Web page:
May 25, 2021
Good morning! This week in Protocol Gaming, your weekly guide to the business of video games: How Apple's IDFA privacy changes are affecting mobile game ad spend, Epic v. Apple comes to a close, and Netflix signals serious interest in gaming.
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It's been roughly one month since Apple released its iOS 14.5 update, allowing people to opt out of mobile ad tracking. In the process, the company is disrupting a key pillar of the mobile gaming business, and now we're starting to see the first signs of the aftermath. Turns out it's not all doom and gloom for iOS — and it is in fact proving to be quite the boon for Android.
Mobile games are far and away the biggest revenue drivers on smartphones, and game developers are among the biggest advertisers. They use app install ads to drive user acquisition and rely on tracking to measure the effectiveness of those ads on major platforms like Facebook.
Apple's privacy shift could have long-lasting consequences for the future growth of the mobile game business, so long as Google doesn't follow suit. The issue lies in the opt-in rate of App Tracking Transparency (ATT), Apple's name for the feature that blocks apps from collecting an iPhone owner's unique identifier (known in the industry as IDFA) without user permission.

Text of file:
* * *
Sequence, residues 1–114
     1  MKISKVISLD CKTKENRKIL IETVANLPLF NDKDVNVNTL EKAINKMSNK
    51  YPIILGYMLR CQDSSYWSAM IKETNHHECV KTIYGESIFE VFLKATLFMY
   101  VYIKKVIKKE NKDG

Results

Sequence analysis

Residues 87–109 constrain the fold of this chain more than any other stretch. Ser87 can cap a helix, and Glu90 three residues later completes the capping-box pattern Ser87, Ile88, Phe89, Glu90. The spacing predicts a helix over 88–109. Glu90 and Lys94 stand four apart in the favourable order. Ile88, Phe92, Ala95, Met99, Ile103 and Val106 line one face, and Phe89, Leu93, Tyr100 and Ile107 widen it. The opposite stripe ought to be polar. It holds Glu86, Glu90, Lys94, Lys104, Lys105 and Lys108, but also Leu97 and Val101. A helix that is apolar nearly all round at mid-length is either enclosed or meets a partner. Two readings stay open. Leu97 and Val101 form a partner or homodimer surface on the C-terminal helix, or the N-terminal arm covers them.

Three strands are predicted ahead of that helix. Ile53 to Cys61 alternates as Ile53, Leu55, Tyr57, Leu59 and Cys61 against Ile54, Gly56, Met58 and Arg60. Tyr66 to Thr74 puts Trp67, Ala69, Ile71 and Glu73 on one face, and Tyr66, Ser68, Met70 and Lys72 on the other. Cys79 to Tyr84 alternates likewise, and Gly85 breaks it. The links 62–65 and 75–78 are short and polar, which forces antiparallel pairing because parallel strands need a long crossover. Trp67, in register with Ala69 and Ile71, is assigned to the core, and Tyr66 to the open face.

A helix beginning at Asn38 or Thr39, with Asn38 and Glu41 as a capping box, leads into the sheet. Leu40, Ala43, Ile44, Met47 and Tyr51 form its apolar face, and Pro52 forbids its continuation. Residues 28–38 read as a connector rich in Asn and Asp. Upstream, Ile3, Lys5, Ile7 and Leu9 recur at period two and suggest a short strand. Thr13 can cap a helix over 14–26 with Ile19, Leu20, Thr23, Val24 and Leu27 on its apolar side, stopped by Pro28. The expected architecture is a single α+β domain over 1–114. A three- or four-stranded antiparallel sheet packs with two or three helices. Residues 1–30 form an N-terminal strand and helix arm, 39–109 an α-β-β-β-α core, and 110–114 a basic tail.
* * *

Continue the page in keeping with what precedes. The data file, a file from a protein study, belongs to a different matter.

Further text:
But the iPhone is where the money is, accounting for more than 65% of global mobile revenue despite having a fraction of the install base. That means game developers can't afford to forgo iOS entirely. Game makers and ad platforms will have to figure out ways to advertise that don't rely on cross-app tracking and rethink their user acquisition strategies.
Apple's push for privacy may yet be a net positive. The mobile ad industry has relied on public ignorance and ambivalence toward privacy, and iOS 14.5 signals the beginning of the end of the consent-free era of tracking, at least with respect to the iPhone customer base.
To reach consumers, advertisers will now have to get smarter and savvier instead of relying on surreptitiously collected information. In the interim, Android presents an opportunity for advertisers to continue clinging to the old model while they figure out a new one.
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The game industry will once more be flooding the news cycle starting next month with its summer programming, starting with Ubisoft's Forward showcase on the first day of the second all-digital E3 on June 12 and continuing on with steady events until EA Play on July 22. In addition to Ubisoft, the official E3 will include showcases from Microsoft, Nintendo and more than a dozen major participating game publishers and developers. Geoff Keighley's Summer Game Fest also kicks off June 10, and an all-digital GDC starts July 19. It's going to be a busy couple of months.
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